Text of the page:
Groundhog Day

Since 1887, it has become an American tradition to have our weather forecast for the coming weeks decided by the most unlikely of creatures. Every year on February 2^nd^, people gather in the small town of Punxsutawney, Pennsylvania (which is about 75 miles NE of Pittsburgh) to see whether a groundhog (named Punxsutawney Phil) will see his shadow. According to the tradition, if Phil sees his shadow (which he “sees” 90% of the time), we will have six more weeks of winter.

Human Traditions

Of the various traditions which have come about in human history, this is indeed a strange one. Although the ceremony is held mostly in fun and without seriousness, the objective observer might find such a practice truly unusual. Such a tradition is demonstrative of just how much in this world is beyond our control – the weather included. By placing our predictive hopes in an oversized rodent, who is simply another of God’s creatures, we are greatly ignoring the Cause of weather itself.

It is curious that the predictive element in the Groundhog Day event is based upon whether or not the creature “sees” his shadow. There is other traditional and superstitious history concerning shadows, such as the ancient Scottish belief that a clear “Candlemas” (Christmas) day would bring a long winter – such a day would cast many shadows. Other superstitions exist as well.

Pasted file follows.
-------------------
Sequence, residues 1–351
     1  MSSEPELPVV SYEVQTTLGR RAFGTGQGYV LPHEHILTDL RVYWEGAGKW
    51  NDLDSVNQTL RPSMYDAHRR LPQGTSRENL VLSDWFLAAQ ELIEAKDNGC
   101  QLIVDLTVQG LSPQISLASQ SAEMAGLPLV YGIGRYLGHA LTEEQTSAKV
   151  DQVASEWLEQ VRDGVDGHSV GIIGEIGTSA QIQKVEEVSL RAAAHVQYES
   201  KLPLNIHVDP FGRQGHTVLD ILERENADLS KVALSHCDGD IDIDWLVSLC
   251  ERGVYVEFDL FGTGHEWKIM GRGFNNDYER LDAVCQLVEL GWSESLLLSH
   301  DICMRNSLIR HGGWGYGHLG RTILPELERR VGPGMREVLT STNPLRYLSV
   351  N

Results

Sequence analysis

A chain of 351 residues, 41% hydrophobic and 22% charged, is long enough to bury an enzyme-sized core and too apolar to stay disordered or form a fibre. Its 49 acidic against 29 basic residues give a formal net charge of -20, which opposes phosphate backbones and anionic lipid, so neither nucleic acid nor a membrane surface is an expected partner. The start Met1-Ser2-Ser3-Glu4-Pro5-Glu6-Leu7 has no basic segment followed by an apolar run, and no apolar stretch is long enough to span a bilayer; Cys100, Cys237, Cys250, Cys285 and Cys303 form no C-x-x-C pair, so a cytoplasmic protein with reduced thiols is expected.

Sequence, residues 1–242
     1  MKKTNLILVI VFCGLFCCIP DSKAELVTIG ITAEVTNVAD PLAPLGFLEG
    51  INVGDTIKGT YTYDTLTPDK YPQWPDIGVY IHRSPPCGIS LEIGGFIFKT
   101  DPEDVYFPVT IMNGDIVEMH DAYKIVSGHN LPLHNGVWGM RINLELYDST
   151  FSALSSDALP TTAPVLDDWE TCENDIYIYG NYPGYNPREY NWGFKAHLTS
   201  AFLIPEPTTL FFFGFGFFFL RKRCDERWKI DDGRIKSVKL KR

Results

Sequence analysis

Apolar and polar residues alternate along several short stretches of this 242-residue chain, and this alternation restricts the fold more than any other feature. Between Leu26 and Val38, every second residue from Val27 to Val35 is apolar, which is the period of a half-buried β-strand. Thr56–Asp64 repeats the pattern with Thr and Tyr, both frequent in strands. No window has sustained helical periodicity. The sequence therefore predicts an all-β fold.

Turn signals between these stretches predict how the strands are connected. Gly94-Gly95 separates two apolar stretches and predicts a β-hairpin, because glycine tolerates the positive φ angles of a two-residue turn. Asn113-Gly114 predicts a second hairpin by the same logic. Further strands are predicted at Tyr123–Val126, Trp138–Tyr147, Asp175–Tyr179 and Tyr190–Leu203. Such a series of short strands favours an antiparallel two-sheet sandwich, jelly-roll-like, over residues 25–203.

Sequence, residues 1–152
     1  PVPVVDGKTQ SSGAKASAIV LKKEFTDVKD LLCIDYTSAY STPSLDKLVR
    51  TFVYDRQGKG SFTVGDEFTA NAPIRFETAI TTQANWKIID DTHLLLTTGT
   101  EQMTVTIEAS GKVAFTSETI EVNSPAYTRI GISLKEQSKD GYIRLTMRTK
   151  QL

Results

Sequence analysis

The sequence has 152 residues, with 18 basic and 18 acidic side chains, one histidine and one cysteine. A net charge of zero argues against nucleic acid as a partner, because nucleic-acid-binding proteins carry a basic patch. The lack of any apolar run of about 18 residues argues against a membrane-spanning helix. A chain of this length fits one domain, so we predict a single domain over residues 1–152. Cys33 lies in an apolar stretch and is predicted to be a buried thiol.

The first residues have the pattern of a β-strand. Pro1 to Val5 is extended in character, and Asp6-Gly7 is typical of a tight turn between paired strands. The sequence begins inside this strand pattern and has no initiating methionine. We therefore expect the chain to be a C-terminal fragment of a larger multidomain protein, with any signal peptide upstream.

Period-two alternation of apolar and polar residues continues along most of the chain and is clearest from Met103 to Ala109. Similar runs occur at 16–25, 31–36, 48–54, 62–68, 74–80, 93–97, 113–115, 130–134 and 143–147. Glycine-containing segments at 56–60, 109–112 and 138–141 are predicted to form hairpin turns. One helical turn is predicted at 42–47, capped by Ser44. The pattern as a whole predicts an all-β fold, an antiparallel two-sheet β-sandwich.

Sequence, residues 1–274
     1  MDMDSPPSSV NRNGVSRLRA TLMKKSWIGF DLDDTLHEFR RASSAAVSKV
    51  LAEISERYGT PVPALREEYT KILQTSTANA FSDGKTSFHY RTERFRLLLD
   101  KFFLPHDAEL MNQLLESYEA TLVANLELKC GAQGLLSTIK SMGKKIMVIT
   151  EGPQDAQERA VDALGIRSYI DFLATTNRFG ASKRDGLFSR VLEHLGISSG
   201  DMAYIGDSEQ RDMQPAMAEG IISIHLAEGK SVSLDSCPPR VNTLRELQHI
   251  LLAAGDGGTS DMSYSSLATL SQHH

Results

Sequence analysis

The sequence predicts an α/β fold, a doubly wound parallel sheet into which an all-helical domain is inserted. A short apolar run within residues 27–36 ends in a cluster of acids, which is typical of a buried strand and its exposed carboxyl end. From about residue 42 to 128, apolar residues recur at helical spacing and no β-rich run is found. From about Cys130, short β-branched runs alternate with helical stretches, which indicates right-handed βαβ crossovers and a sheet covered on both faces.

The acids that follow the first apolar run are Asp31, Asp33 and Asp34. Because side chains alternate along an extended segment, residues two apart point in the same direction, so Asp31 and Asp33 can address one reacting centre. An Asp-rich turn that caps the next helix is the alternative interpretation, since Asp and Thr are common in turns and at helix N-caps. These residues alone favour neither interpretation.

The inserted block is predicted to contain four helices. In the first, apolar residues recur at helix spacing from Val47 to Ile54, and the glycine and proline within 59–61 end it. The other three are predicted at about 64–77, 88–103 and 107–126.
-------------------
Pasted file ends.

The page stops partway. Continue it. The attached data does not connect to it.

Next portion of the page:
True Predictions

In contrast, there was once a man who came to earth whom the ancient prophets proclaimed would bring to “[t]he people who were sitting in darkness great light, and those who were sitting in the land and shadow of death, upon them a light dawned” (Mat. 4:16; cf. Luke 1:79; Isa. 9:2, NASU). This “Light of the World” (John 8:12; 9:5) surely cast many shadows when shining upon the wicked men of the world. But instead of “promising” a long bleak winter season, His shadows pointed out the failings of man and promised a better future in Him. When facing the humbling reality of sin and its penalty, six weeks of winter truly pales in comparison

Something Serious

It is understood that much of the Groundhog Day holiday is meant in jest. But as the media and American public focus upon the decision of a furry little creature and his shadow this February 2^nd^, perhaps it would be good to remember a different shadow that was cast by a cross on a hill many years ago. The cause of the shadow and the power of the cross that cast will always have meaning for man, as long as shadows exist.

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